Sadly I had not used it for my own reading until relatively recently.
The game changed
For me and I imagine others, the birth of the e-reader and formats that displayed digital text similar to that which people were used to in a paper version, marked a change in the use of this marvellous resource 2 and reading in general.
I don’t know many who have the patience to scroll through Animal Farm in .txt, word or pdf format let alone War and Peace. While the content may have been free it certainly wasn’t as accessible as the paper version. There’s little difference between a book you can’t find/buy/ borrow and one that makes reading nigh impossible i.e. they don't get read
Enter the E-reader and associated software
It’s now possible to read free e-book classics or purchase new titles and you don’t necessarily need an e-book reader to do it. While Amazon and Barnes & Noble (to name just two) have their specific e-readers anyone with a computer can enjoy reading an e-book.
Amazon provides Kindle for PC( and a number of other devices), ADOBE have Adobe Digital Editions and if you're are a little adventurous you can check out Calibre( which is a whole lot more than just e-book reading software). These interfaces enable you to take advantage of various e-book formats. While each piece of software has its quirks they generally allow you to:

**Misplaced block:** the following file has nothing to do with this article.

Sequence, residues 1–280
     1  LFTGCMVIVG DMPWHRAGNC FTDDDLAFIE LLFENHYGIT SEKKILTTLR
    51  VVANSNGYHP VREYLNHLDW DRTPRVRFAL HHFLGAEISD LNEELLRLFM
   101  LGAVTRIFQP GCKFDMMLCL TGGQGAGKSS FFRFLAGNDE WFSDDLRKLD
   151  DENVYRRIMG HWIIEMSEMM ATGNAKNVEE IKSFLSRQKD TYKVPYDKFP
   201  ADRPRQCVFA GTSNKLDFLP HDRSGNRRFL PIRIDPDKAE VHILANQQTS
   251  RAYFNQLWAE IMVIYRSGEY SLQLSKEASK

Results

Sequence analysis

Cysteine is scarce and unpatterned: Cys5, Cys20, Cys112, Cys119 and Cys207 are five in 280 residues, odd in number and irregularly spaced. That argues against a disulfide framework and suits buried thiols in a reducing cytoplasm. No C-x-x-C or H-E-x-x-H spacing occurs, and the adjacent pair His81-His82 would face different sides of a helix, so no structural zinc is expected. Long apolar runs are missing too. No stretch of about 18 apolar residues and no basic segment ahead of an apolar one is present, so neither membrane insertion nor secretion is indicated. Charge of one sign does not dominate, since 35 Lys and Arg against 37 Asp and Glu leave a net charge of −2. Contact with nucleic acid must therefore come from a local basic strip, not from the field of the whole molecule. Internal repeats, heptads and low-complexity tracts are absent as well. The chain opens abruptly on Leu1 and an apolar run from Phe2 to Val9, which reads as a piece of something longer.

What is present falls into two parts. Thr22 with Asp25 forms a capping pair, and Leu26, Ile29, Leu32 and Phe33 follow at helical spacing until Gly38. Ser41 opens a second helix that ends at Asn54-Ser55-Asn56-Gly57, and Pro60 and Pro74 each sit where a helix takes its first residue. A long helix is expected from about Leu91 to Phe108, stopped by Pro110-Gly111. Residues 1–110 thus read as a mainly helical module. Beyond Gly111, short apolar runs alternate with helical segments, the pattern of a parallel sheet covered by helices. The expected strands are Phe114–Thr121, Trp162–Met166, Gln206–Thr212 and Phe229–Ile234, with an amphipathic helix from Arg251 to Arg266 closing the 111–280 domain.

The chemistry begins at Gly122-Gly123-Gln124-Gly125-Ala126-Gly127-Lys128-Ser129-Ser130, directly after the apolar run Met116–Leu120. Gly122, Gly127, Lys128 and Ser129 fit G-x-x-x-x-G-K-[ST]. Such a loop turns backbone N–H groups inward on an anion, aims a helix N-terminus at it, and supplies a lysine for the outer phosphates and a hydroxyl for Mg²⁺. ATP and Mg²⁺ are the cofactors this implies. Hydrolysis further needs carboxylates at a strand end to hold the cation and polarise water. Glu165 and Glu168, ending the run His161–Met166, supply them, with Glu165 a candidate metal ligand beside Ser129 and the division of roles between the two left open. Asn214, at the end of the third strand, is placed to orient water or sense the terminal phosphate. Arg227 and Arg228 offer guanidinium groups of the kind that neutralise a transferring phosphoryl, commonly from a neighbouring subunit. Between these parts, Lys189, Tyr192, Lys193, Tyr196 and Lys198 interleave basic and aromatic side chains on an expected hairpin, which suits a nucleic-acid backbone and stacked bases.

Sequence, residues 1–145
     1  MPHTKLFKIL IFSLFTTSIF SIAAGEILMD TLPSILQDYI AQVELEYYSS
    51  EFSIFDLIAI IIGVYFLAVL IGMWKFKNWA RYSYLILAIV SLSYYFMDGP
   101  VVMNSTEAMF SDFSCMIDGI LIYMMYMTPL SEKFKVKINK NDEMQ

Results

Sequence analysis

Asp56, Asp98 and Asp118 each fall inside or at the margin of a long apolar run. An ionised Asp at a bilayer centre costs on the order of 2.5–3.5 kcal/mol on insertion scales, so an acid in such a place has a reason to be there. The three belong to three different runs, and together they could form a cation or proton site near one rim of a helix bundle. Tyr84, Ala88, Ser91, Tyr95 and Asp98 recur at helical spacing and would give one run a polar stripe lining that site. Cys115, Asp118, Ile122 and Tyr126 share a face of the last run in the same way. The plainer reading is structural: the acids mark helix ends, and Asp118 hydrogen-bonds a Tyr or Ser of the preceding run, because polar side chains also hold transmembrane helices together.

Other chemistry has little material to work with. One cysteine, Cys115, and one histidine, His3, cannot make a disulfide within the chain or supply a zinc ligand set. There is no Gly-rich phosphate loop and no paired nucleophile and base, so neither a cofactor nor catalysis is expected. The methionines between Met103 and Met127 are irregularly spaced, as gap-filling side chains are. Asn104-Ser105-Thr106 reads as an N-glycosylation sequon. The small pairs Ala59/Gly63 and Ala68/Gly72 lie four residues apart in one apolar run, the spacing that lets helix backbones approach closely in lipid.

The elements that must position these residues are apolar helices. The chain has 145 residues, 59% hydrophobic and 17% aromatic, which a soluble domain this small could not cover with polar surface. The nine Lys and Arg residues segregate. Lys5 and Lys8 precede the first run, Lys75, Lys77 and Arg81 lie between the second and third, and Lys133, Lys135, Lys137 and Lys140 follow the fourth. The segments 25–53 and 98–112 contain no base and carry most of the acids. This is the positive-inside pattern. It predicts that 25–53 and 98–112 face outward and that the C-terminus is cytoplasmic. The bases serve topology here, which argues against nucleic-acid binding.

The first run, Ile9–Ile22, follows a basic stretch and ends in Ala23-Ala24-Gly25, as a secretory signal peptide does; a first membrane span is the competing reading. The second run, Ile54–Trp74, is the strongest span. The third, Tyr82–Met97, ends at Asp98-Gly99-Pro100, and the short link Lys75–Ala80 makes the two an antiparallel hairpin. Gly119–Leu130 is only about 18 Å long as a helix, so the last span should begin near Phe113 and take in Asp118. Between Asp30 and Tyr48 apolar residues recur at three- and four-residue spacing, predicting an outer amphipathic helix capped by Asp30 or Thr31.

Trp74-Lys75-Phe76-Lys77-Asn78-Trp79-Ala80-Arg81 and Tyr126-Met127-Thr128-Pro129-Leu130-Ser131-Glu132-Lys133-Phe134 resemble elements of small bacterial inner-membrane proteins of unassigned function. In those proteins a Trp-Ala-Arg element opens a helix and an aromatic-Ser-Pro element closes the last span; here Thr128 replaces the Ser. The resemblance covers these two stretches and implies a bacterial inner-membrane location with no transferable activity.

- manage an e-book library,
- track your position in multiple books,
- make notation against the text
- search the text
Testing the waters without losing a kidney
With a basic Kindle now retailing at $US 139, price might be a moot point for some. For the financially challenged though, having the ability to try before you buy is a must.
Now while reading on a computer screen is not quite the same as reading from the new e-ink enabled readers. It gets you close enough to the functions of an e-reader to help you decide if reading digital formats is really you.
I am currently reading through my second e-book using Amazon’s Kindle for PC. Personally I was skeptical that I could maintain the patience to read off a computer screen for a long period of time. I have found it to be relatively easy though to adapt to reading using this software and have found its notes function invaluable when taking notes for a review.
In my next post in this series I'll take a closer look at e-reading software mentioned above.
1 According to this wikipedia article
2 I have looked but can find no stats on the usage of Gutenberg files to map to the release of e-readers
E-book adventures is my weekly series post outlining my exploration of the e-book format. See other posts here and join in the discussion.
Aug 22, 2010
Aug 21, 2010